a general amnesty to military, police or civilian personnel who face a

complaint or conviction in relation to events related to the fight against terrorism in the period between May 1980 and June 1995. 4 The amnesty

law is not

The day after the publication of the Amnesty International report, the members of the HRC were invited to meet with the Coordinadora and an Amnesty International researcher. The UN secretariat arranged a meeting room in the Palais des Nations in Geneva to discuss the background to the

issues raised by examination of Peru's report. Fifteen of the eighteen Com- mittee members attended the briefing. Such a briefing serves a number

of purposes. First, the Committee members can raise any queries they have

about the reports sent to them by the NGOs. These may be questions of clarification or they may relate to misgivings Committee members may have about the research methodology or agenda of the NGOs. Second, the briefing provides an opportunity to exchange documentation such as

translations of the relevant laws and draft legislation. This can be invaluable

as the treaty bodies have no real resource facilities for finding such mater-

ials. Third, it can provide background and stimulation for the Committee members. As a result of this briefing the HRC's members repeatedly referred to the Amnesty International material during the review of Peru's report and asked for a response from the Minister of Justice who was presenting the report. Rather than address the issues in the report and the Committee's concerns, the Minister chose to question the use of information provided by Amnesty International and suggested that those labelled by Amnesty International as 'prisoners of conscience' and 'political prisoners' were in fact simply terrorists. The end result of this 'constructive dialogue' was that the preliminary observations of the HRC reflected Amnesty International's concerns, and that some positive steps were taken by the Peruvian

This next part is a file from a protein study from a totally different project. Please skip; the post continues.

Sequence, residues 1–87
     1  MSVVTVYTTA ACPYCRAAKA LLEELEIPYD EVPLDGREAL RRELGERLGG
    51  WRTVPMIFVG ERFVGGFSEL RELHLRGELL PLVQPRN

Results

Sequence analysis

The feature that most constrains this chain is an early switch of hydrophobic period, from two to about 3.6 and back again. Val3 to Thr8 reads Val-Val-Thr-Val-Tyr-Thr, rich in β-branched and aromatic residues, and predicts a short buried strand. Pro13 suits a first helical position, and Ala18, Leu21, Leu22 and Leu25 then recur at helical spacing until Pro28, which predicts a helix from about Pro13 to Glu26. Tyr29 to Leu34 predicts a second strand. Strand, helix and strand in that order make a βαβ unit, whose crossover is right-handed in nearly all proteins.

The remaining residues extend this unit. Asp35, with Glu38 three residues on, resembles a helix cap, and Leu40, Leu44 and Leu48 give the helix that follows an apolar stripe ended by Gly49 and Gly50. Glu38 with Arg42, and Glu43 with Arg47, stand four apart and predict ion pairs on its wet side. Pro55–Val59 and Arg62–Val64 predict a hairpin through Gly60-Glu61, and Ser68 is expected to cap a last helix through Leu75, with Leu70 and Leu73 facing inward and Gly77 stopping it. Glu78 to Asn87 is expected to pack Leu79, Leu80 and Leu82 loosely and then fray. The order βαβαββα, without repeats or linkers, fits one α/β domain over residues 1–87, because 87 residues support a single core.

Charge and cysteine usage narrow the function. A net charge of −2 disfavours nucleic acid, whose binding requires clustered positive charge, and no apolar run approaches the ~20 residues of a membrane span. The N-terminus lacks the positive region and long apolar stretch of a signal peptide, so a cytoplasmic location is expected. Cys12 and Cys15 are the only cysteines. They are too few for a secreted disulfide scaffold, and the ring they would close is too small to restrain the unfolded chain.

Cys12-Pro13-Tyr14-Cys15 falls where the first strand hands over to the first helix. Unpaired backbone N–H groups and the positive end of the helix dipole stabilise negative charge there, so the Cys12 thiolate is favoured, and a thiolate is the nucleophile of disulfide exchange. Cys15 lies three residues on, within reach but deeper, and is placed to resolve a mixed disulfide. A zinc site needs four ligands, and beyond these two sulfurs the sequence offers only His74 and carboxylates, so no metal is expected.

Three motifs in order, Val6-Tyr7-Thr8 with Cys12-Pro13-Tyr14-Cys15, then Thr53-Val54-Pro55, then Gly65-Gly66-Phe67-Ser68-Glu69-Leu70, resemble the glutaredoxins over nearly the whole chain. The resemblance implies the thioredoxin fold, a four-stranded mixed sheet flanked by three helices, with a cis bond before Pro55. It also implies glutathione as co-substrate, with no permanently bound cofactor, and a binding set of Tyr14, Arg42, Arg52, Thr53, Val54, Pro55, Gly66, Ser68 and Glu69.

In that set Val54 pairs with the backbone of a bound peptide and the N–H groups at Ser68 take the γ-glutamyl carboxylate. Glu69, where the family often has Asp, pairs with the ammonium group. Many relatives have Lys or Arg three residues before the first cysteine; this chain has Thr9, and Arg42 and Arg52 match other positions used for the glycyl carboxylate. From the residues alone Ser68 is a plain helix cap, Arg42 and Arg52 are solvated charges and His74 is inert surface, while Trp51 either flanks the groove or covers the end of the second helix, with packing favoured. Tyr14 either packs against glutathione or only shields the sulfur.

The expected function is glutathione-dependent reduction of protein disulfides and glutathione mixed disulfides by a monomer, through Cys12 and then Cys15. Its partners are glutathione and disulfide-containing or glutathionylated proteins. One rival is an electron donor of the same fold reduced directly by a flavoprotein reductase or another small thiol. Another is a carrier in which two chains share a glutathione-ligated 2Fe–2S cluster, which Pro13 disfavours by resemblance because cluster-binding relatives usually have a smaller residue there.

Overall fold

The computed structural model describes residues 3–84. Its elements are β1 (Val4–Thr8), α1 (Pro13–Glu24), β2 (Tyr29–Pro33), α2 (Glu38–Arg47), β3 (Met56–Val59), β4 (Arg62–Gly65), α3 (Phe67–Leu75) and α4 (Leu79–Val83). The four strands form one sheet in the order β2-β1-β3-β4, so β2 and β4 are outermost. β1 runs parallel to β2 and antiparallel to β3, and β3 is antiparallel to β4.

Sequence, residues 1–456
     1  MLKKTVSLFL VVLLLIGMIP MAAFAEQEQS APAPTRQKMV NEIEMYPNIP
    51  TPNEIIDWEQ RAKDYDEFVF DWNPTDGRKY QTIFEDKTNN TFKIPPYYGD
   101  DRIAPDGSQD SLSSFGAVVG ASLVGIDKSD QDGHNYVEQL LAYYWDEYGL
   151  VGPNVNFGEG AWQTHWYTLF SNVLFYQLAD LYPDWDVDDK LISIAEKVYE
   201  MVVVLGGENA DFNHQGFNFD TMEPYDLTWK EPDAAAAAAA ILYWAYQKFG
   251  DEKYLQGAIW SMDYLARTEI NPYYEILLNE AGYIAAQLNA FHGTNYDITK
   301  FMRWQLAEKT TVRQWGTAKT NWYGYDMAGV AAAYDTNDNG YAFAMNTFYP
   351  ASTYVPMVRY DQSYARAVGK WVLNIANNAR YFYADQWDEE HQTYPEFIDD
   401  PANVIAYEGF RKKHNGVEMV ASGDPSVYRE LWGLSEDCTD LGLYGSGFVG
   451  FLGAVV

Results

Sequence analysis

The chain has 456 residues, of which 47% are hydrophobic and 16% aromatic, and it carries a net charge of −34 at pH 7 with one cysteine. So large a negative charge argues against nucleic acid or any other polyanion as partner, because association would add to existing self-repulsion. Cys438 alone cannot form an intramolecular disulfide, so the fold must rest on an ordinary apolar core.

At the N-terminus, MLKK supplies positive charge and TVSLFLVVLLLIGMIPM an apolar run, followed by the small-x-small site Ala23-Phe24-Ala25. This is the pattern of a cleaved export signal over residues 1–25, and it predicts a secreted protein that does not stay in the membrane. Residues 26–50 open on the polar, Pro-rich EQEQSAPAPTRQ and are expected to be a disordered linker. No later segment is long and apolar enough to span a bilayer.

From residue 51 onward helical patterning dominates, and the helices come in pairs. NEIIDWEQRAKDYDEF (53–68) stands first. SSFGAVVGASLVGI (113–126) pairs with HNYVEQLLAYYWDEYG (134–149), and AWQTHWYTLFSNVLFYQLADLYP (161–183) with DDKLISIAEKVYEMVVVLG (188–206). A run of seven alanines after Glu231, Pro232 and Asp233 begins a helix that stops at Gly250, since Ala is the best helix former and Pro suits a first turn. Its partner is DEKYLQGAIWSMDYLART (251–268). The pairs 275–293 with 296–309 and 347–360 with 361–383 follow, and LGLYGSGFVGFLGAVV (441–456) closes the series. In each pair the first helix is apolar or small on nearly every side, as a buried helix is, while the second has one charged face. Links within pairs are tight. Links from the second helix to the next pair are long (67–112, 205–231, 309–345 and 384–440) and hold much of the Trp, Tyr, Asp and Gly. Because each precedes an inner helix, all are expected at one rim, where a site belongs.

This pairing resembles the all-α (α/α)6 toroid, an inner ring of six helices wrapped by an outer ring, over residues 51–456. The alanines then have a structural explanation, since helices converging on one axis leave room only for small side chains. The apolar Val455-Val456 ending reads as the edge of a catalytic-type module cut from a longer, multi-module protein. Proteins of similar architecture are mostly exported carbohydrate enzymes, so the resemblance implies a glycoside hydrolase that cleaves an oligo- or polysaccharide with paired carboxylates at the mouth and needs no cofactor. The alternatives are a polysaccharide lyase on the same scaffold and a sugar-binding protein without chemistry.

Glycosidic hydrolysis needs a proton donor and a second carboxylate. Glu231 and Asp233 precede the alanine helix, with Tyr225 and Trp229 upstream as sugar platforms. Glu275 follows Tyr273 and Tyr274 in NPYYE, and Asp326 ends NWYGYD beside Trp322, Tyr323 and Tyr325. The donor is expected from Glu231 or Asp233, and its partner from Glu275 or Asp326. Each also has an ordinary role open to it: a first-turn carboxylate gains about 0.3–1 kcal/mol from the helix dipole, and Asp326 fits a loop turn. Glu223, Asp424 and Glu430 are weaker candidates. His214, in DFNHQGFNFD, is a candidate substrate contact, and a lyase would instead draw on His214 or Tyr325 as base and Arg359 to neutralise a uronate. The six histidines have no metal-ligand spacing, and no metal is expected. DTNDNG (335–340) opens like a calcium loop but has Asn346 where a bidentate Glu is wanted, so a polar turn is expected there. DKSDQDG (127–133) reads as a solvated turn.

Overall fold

reviewable by any judicial authority. 5

4 Law No. 26479, article 1, 'Normas Legales', Diario Oficial El Peruano, 15 June 1995. For an English translation see Amnesty International, Peru: UN Experts Condemn Amnesty Laws, AI Index AMR 46/20/96, 5 August 1996, Appendix 1.

5 Law No. 26492, article 2, 'Normas Legales', Diario Oficial El Peruano, 2 July 1995. For an English translation see Amnesty International, supra, note 4, Appendix 2.

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Government in response to the Committee's questions and observations. 6 But the limits of the power of recommendations by the HRC were illus-

trated by the Government's rejection of the experts' recommendations that

months after the HRC's

the 'faceless judges' be abolished. 7 Less than three

Preliminary Observations urged the Government to abolish the system of 'faceless judges' and ensure public trials for all defendants, Peru's Congress

passed Law No. 26671. 8 This law extended the use of'faceless judges' for another year. When the HRC finally concluded its examination of Peru's report it was forced to 'deplore' the fact that Peru had done nothing with regard to its preliminary observation and had extended the use of'faceless judges'. The Committee expressed 'profound concern at this situation,

See preliminary observations in UN Doc. CCPR/C/79/Add.67, 25 July 1996, para. 9, which state in no uncertain terms that the application of the amnesty laws mean that Peru is in violation of the Covenant: 'Such an amnesty prevents appropriate investigation and pun- ishment of perpetrators of past human rights violations, undermines efforts to establish respect for human rights, contributes to an atmosphere of impunity among perpetrators of past human rights violations, and constitutes a very serious impediment to efforts undertaken to consolidate democracy and promote respect for human rights and is thus in violations of article 2 of the Covenant. In this connection the Committee reiterates its view, as expressed in its General Comment 20(44), that this type of amnesty is incompatible with the duty of States to investigate human rights violations, to guarantee freedom from such acts within their jurisdiction, and to ensure that they do not occur in the future.' See also paras. 10, 21 and 23. In para. 23 the Committee urges the Government to investigate allegations of summary executions, disappearances, cases of torture and ill treatment, and arbitrary arrest and detention and suspend personnel from office pending the outcome of such investigations. For some of the positive steps see Amnesty International, Peru: